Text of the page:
Marble Mountains -The 5 peaks of the Marble Mountains are said to represent the 5 elements of water, wood, fire, gold and earth. Here you can explore 3 main grottoes which have been transformed into carved Buddhist sanctuaries. Be sure to wear walking shoes and take a flashlight for the caves. I would suggest having your hotel arrange hiring a private taxi to take you here. Da Nang is known for its stone sculpture and stone cutting crafts.
Hai Van Pass – One of the most scenic areas in the country, Hai Van Pass gives you a chance to discover peace, beauty, and history – along with a few thrills! Beware of the vendors at the top. They can be incredibly aggressive! (I had to snatch back some of my money when one of them changed the Terms and Conditions of our bargain.)
Imperial City of Hue – Located about 2 and half to 3 hours north of Da Nang, Hue is definitely worth a visit. We did the trip in one day and it was a bit much. If you have the time, I would suggest an overnight stay in the Imperial City.
Da Nang Museum of Cham Sculpture – The Champa Kingdom existed from the 2nd to the 17th centuries, and the Cham Nation still exists as a minority in Vietnam, with its distinct traditions. The Danang Cham Sculpture Museum is the place to see their works of art, well preserved, representing various Hindu gods and icons from the 7th to the 15th centuries.
Dragon Bridge – Weekend shows of fire breathingtake place at 9 p.m.every Saturday and Sunday. The bridge is illuminated everynight with thousands of LED lights, with an ever changing color spectrum, creating a dazzling effect on the surface of the river.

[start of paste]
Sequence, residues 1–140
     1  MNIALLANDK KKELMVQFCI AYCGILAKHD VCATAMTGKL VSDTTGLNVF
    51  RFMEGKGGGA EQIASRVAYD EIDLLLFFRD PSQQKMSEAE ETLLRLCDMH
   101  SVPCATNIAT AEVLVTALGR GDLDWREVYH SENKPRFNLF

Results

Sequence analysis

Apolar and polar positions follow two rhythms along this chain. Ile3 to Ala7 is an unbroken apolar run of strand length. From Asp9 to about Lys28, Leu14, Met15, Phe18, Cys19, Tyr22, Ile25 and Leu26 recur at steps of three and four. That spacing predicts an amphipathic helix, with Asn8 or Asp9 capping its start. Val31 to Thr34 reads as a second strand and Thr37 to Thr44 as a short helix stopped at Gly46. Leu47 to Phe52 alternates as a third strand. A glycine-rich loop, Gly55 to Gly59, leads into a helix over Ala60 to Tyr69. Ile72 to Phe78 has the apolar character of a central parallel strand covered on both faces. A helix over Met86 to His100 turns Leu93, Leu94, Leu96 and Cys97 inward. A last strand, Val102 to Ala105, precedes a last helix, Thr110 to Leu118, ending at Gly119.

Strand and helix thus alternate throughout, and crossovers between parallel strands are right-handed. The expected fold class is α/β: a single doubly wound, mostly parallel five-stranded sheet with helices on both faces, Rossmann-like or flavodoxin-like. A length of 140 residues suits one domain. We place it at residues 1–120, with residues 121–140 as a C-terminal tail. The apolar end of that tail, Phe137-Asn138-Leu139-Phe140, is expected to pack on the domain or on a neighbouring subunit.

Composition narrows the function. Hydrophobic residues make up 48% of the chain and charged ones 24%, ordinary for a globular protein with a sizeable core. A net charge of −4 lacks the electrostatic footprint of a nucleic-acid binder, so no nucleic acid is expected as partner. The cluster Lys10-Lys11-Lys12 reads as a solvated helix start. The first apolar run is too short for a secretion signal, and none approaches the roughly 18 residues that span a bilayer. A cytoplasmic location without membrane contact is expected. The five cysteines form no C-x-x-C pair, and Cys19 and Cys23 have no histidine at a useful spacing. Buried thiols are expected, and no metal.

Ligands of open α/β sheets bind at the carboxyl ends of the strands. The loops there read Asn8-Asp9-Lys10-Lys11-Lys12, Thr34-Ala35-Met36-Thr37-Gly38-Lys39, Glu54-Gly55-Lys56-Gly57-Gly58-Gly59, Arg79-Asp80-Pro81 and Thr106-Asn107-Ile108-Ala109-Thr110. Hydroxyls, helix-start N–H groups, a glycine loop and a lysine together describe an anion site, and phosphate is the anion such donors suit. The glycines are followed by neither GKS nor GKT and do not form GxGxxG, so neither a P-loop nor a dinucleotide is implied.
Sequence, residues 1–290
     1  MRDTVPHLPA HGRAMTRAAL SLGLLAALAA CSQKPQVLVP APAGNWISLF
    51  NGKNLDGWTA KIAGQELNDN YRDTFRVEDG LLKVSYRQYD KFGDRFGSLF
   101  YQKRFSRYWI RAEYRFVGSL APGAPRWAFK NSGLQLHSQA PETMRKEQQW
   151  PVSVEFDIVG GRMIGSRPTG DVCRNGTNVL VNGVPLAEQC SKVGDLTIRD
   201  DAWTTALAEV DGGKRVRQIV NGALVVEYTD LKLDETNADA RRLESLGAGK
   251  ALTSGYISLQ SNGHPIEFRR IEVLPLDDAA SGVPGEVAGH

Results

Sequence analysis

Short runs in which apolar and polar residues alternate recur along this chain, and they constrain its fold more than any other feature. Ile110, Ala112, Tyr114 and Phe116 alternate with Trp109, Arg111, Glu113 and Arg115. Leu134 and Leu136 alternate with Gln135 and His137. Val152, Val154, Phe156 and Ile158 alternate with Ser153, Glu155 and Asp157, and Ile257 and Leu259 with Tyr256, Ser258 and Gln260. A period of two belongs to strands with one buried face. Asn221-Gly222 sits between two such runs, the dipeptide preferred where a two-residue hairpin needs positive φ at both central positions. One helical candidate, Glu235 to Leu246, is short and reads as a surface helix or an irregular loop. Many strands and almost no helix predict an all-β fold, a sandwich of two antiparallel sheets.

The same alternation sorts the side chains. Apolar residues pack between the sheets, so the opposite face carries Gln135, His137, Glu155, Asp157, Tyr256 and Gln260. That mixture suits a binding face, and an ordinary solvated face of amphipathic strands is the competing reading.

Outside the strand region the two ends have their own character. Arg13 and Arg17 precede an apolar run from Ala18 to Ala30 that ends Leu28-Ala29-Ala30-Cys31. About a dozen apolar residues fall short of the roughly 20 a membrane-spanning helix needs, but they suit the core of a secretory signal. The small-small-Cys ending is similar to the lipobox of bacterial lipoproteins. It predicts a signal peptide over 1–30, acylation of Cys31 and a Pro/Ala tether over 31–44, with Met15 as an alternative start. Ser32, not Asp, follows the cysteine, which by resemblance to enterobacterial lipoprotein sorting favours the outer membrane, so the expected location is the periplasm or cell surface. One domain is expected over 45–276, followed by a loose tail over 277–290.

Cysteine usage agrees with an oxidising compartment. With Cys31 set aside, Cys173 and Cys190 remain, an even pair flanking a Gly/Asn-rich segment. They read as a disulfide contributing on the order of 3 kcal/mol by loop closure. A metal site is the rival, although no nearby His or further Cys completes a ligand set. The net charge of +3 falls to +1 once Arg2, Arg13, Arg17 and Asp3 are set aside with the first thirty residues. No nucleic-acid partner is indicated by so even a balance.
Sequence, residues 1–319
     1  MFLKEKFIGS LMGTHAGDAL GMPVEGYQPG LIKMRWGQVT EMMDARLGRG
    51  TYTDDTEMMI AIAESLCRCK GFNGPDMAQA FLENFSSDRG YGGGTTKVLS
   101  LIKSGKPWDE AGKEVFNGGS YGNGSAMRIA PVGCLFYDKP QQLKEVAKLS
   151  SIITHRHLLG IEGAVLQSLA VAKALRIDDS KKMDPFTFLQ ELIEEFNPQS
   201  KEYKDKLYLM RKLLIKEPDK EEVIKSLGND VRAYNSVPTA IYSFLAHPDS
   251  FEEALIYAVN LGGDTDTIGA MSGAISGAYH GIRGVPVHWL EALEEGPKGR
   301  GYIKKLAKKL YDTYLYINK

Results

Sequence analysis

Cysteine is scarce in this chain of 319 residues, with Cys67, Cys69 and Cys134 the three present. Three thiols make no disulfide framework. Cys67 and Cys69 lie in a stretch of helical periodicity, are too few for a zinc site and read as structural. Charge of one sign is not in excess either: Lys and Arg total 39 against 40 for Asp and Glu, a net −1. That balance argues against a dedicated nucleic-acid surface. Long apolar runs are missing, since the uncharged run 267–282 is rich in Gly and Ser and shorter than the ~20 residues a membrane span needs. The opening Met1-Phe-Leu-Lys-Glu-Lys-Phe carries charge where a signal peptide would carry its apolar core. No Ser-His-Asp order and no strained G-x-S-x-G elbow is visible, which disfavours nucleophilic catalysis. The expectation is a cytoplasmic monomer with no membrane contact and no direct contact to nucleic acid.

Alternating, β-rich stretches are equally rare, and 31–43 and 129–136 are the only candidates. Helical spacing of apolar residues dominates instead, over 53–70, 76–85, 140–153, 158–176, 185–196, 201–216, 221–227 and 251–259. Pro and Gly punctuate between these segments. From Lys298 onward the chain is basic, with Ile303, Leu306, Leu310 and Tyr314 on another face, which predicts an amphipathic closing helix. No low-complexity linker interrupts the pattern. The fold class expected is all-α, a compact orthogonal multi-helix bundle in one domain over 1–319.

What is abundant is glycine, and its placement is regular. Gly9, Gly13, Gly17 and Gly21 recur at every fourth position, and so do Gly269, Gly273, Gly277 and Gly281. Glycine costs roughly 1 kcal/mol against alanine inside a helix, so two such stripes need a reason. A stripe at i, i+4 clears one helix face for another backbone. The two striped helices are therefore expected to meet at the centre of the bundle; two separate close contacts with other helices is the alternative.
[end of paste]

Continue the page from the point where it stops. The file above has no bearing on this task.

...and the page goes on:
There are many other things to do in Da Nang – walk the promenade along the beach, visit the water park, ride the huge ferris wheel,visit temples – but I tried to touch on the ones with which I had direct experience in my limited time there. I do know one thing…. I definitely want to return.
By far the easiest way to get around in Da Nang is by taxi. The rates are incredibly cheap. I believe it only cost me the equivalent of $12 to get from the airport to the Hyatt Regency – about a 25 minute drive. Fares start around 10,000 dong ($.50) and most taxis are metered. Make sure your taxi driver starts the meter. Any hotel will be more than happy to arrange a taxi for you and help you to establish a price before you set off. Make sure too that you are carrying small notes of currency as most drivers will be reluctant to change 200 or 500,000 dong notes. Mai Linh Tai can be called in advance at 0511 352 5252 or Vinasun taxi may be reached 0511 368 6868.
I purchased my SIM for Vietnam at the Post Office window in the Domestic Terminal in Ho Chi Minh City. The cost of the SIM was 120,000 Dong (about $6.00). It was good for unlimited 3G data and minimal cost for texts and calls. The one I purchased was a Mobifone but I don’t think it really matters. The guy at the Post Office was more than happy to actually trim the SIM to a mini, insert it and set it up for me (which is good, because I wouldn’t have had a clue!). Your SIM will also come with an expiration so choose wisely. For instance, the 120,000 VND card may expire in 7 days and the 240,000 VND card may expire in 30 days. If you plan on being in Vietnam for a couple of weeks,be sure to choose an option that spans the entire time you will be there (although it is possible to ‘Top Up’ your SIM).